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Kamala Harris: Black Americans have been 'disproportionately harmed' by Trump

Kamala Harris: Black Americans have been 'disproportionately harmed' by Trump
© Hill.TV

Vice presidential nominee Sen. Kamala HarrisKamala HarrisBiden-Harris team unveils inauguration playlist Trump approval rating relatively unchanged in wake of Capitol rioting: NBC News poll Harris to resign from Senate seat on Monday MORE (D-Calif.) implored fellow African Americans to "do the right thing" and vote for her and presidential nominee Joe BidenJoe BidenFear of insider attack prompts additional FBI screening of National Guard troops: AP Iran convicts American businessman on spying charge: report DC, state capitals see few issues, heavy security amid protest worries MORE this November, saying President TrumpDonald TrumpIran convicts American businessman on spying charge: report DC, state capitals see few issues, heavy security amid protest worries Pardon-seekers have paid Trump allies tens of thousands to lobby president: NYT MORE has done more to hurt Blacks than any other group of citizens in the country. 

"The Black community understands just how critical this election is — because we are living the consequences of the last election every day. When it comes to nearly every issue that affects our lives, we have been disproportionately harmed by President Donald Trump and the failures of his administration," Harris wrote in an op-ed published Friday in the Philadelphia Tribune, one of the oldest continuously published Black newspapers in the country. "Make no mistake — our plans are achievable. But first, we need to vote. And we need to vote early." 

Harris cited statistics proving minorities have been more harshly effected by the coronavirus, contracting the disease at a higher rate and dying more than other ethnic groups. Other studies have shown that Black-owned businesses and African American households have been more adversely effected by lockdown measures than any other group.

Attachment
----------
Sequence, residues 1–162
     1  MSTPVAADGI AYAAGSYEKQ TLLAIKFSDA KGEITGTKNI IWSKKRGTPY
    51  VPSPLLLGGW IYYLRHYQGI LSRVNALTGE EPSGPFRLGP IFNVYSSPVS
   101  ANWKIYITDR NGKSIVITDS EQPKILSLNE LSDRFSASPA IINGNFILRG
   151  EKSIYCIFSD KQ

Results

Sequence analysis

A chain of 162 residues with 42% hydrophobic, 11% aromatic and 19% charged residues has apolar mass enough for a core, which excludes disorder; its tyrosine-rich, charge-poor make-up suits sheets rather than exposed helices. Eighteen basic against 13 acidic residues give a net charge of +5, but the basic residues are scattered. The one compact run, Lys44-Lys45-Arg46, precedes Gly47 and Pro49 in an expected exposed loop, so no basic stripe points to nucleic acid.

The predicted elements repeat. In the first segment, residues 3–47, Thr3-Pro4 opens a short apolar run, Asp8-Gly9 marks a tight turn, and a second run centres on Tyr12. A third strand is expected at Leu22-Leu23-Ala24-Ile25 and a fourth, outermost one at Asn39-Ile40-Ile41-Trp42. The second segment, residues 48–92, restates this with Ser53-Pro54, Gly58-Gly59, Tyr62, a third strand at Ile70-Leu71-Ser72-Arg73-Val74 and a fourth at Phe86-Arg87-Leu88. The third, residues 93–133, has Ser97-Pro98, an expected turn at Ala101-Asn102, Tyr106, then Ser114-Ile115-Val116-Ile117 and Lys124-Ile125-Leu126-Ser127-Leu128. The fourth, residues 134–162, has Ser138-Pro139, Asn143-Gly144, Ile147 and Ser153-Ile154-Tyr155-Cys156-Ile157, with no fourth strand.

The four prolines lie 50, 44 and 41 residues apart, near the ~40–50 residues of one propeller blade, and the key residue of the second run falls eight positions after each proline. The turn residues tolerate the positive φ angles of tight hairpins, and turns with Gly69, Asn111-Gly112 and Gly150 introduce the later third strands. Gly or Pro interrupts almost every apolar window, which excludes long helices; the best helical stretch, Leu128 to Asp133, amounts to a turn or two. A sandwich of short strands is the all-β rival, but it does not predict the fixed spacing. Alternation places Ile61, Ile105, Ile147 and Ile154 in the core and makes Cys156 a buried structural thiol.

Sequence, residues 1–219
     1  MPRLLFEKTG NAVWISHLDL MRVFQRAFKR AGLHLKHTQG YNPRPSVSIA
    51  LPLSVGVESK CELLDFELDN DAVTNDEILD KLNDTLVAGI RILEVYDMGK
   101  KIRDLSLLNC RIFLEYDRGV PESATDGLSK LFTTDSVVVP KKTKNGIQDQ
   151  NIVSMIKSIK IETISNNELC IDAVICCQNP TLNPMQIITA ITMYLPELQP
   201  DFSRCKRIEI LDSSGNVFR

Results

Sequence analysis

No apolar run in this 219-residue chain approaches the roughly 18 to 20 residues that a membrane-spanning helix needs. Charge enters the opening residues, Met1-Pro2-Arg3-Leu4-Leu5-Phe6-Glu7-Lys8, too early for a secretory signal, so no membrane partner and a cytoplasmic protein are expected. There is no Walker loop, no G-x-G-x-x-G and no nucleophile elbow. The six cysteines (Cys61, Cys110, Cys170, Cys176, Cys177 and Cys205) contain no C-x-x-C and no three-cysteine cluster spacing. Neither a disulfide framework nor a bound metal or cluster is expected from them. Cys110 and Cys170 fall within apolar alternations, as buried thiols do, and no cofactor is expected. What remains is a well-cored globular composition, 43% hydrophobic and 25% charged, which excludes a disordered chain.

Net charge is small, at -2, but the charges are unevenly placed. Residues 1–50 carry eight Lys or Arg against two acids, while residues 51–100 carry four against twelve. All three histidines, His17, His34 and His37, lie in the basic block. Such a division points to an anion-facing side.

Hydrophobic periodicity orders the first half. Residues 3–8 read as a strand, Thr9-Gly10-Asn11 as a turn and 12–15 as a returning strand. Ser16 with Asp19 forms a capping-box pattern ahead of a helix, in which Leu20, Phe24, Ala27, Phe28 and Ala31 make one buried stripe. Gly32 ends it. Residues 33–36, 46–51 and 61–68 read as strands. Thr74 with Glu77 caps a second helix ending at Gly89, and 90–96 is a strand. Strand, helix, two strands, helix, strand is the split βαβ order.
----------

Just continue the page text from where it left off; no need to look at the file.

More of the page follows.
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"And as Joe always reminds us, returning to the status quo isn’t good enough — we need to build back better," she wrote. "A Biden-Harris administration will create more jobs by investing in the industries that make our economy strong, including infrastructure, clean energy, manufacturing and care work — and we will embed racial justice into the core of our agenda."

The senator from California invoked the death of George Floyd and the subsequent demands for social justice displayed in city streets across America as a direct result of Trump's rhetoric on race and what he calls a "law and order" approach to governance. 

"For centuries, our ancestors fought for causes bigger than themselves — first for their freedom, and then for the right of all people to participate in our democracy," Harris said. "They understood that we all have an equal stake in our future — and we must have an equal say in determining its course. They understood that, in the words of our hero John LewisJohn LewisUrgency mounts for new voting rights bill Reporter's essay: Capitol attack was a community invasion, not just an insurrection Georgia House to consider replacing Confederate statue with statue of John Lewis MORE, “Democracy is not a state; it is an act.”

Trump has repeatedly said that he has done more for African Americans than any president in American history, citing passage of the First STEP Criminal Justice Reform Bill and an increase in federal funding to historically Black colleges. 

"To bring prosperity to our forgotten inner cities, we worked hard to pass historic criminal justice reform, prison reform, opportunity zones, the long-term funding of historically black colleges and universities, and, before the China virus came in, produced the best unemployment numbers for African-Americans, Hispanic-Americans, and Asian-Americans ever recorded," Trump said last month at the Republican National Convention.

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"I have done more for the African-American community than any president since Abraham Lincoln, our first Republican president," he continued. "I have done more in three years for the Black community than Joe Biden has done in 47 years—and when I'm reelected, the best is yet to come!"

Harris and Biden have accused Trump and his allies of trying to suppress the vote in minority communities by casting doubt on vote-by-mail systems and misleading minority voters about the history of the Democratic party. 

"Now, it’s up to us to act. To participate. To protect the democracy for which they sacrificed. So, let’s do right by them. Let’s do right by each other," she said. "Let's vote."